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I was thinking the buttermilk and cocoa made the baking soda necessary to adjust the PH of the batter; and that the BP is for lift in the oven.  I do think that the self-rising flour is something we see a lot of in English (and Southern US) recipes and perhaps their ratios are different. So if you use 1.5 tsp BP to one cup of flour, whisk well, then use 80 grams of that for the self rising flour, you should be ok....

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10 hours ago, pastrygirl said:

I don't see the point of using half self-raising flour.


I think one of the reasons you’ll often see British recipes use self-raising flour is because we don’t really have cake flour. Our nearest equivalent is self-raising flour as it’s more finely milled than plain (all-purpose) flour, with the added “bonus” of leavening included. 
 

I wish recipe writers would stop using it, especially in ways like this where, as you say, it seems utterly pointless to blend flours. But I guess Ms Gill does it because that’s the way the person who gave her the recipe did it, as did the person before her, etc.... until no one can quite remember why it was done that way, or questions if it was ever even necessary to begin with. 

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3 hours ago, Pete Fred said:


I think one of the reasons you’ll often see British recipes use self-raising flour is because we don’t really have cake flour. Our nearest equivalent is self-raising flour as it’s more finely milled than plain (all-purpose) flour, with the added “bonus” of leavening included. 
 

I wish recipe writers would stop using it, especially in ways like this where, as you say, it seems utterly pointless to blend flours. But I guess Ms Gill does it because that’s the way the person who gave her the recipe did it, as did the person before her, etc.... until no one can quite remember why it was done that way, or questions if it was ever even necessary to begin with.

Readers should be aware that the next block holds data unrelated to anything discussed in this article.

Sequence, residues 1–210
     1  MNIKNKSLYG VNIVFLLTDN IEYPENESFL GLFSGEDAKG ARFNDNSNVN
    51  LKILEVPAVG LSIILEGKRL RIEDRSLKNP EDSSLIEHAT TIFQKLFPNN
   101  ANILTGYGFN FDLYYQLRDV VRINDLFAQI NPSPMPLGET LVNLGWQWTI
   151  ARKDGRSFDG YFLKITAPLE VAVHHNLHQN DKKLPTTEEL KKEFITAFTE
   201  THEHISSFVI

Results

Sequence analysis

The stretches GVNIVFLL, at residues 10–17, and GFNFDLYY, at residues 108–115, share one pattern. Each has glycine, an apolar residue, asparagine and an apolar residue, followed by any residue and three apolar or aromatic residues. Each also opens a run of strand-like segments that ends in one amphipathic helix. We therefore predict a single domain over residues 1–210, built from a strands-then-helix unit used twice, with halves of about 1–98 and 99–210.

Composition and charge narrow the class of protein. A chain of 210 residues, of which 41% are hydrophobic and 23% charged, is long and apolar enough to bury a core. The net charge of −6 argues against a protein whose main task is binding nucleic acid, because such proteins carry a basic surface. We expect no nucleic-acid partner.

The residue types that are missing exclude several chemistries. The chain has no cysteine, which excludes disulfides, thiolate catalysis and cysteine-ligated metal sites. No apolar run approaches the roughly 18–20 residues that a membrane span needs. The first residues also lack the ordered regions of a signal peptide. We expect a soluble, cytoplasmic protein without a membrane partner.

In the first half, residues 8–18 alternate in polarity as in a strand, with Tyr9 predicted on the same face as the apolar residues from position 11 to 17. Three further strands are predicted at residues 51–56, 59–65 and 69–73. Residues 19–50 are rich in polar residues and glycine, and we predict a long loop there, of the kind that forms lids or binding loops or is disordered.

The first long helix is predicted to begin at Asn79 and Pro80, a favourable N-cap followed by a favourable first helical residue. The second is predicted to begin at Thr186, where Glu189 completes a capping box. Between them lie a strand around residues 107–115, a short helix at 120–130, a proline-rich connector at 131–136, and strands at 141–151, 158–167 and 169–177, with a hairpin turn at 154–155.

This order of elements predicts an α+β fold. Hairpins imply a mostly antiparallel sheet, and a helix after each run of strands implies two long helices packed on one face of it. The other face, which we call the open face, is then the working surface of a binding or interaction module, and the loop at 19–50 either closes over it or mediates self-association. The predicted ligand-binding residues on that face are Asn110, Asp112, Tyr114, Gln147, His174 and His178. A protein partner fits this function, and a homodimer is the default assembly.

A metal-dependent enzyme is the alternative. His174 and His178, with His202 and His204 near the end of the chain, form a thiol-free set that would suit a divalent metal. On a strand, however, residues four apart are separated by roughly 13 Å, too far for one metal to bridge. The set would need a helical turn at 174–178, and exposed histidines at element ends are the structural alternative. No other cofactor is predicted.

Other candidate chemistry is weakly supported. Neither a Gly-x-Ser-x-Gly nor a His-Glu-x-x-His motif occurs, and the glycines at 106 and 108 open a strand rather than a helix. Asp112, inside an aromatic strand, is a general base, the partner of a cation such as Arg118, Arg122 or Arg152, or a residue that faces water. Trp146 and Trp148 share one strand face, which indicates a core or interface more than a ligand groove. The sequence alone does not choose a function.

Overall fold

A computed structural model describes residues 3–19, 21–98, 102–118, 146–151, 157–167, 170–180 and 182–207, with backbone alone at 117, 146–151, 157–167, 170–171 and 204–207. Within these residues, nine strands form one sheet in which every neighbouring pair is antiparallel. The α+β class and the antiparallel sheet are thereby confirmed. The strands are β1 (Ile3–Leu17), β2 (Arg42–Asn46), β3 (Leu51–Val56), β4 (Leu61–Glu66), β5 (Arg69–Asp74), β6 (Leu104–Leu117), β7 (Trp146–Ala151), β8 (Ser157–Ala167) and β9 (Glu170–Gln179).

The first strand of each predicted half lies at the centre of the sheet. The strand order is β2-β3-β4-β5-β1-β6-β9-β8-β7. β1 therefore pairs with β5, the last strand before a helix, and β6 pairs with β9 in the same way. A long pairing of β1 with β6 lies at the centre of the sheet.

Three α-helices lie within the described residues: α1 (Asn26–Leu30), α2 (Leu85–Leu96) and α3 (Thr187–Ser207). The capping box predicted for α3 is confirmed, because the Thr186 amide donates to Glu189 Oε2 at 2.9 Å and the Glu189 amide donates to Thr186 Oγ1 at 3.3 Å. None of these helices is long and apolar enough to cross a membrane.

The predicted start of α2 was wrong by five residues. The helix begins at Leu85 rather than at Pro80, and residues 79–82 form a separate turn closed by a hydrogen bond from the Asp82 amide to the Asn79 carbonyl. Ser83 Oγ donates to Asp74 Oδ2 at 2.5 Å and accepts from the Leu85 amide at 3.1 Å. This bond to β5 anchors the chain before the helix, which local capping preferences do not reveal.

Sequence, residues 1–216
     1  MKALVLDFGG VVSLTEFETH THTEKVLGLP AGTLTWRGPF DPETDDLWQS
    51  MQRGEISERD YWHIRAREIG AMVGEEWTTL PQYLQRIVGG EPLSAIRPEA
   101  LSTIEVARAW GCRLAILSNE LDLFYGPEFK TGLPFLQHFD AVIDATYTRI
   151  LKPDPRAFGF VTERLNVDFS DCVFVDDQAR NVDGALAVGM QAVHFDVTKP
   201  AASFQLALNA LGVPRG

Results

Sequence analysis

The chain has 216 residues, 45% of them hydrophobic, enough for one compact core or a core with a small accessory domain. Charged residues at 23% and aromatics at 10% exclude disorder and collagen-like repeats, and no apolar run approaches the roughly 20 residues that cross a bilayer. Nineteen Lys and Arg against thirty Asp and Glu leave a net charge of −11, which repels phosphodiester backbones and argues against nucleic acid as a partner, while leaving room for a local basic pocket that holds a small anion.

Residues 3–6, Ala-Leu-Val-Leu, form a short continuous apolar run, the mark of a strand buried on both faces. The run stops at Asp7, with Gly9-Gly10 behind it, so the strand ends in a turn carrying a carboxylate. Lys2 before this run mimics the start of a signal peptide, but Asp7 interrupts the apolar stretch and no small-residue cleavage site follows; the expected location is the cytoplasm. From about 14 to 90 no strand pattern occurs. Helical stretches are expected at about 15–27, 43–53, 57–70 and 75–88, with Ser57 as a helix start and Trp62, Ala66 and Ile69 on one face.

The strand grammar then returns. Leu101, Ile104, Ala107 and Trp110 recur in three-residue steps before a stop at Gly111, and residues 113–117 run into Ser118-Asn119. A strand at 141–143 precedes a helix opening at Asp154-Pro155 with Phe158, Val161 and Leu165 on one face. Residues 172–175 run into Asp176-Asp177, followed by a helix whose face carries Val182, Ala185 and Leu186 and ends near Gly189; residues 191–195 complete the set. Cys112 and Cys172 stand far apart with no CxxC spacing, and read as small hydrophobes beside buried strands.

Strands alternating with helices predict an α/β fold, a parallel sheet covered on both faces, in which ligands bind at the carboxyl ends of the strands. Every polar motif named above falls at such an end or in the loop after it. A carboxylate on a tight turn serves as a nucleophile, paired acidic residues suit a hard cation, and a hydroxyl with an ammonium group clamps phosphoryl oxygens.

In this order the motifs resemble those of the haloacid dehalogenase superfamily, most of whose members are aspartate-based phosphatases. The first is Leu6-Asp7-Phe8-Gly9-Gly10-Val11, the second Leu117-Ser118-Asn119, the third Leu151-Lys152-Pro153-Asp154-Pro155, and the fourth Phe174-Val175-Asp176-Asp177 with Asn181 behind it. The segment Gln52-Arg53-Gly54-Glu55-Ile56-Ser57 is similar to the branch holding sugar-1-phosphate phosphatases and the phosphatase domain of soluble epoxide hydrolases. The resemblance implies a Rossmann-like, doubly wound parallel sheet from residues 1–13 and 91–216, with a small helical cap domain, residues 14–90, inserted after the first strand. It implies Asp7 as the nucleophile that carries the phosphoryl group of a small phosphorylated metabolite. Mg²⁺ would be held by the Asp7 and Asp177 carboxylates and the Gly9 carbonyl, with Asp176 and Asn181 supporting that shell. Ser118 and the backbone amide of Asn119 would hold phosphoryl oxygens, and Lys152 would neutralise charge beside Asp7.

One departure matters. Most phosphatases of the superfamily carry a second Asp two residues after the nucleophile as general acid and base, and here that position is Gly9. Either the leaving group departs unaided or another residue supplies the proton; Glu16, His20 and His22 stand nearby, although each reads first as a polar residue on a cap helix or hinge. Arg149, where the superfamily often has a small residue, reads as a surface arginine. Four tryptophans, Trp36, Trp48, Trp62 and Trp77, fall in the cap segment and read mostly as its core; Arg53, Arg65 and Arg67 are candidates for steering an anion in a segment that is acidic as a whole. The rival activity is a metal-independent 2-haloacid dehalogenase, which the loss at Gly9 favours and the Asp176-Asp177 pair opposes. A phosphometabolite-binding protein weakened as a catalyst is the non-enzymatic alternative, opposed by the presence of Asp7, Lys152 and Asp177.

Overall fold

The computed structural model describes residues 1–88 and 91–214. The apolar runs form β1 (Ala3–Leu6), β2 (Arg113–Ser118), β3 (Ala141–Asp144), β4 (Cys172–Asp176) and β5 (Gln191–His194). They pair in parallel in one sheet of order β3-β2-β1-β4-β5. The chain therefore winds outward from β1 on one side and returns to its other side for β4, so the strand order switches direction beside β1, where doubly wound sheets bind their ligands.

The whole self-raising (UK) and self-rising (US) thing really is confusing. My on-line searches have led me to believe that self-raising flour is just AP flour (albeit with less protein perhaps) and bp (conversion: 1C AP + 2t bp = 1C self-raising) and that self-rising flour has less bp (1.5 t per cup) and salt. Argh. Darn the Great British Baking Show for getting me hooked on British recipes and ingredients! Next I'll be awash in suet and treacle.

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1 hour ago, mmlstarr said:

 

The whole self-raising (UK) and self-rising (US) thing really is confusing.


It’s a total pain. I refuse to use the stuff. There’s conflicting advice online (plus ça change!) so I stick with Nigella Lawson’s formula, figuring she and her her team might have at least consulted manufacturers rather than plucking it out of thin air. She recommends two teaspoons of baking powder (10g) to 150g plain (all-purpose) flour. It’s never let me down. 👍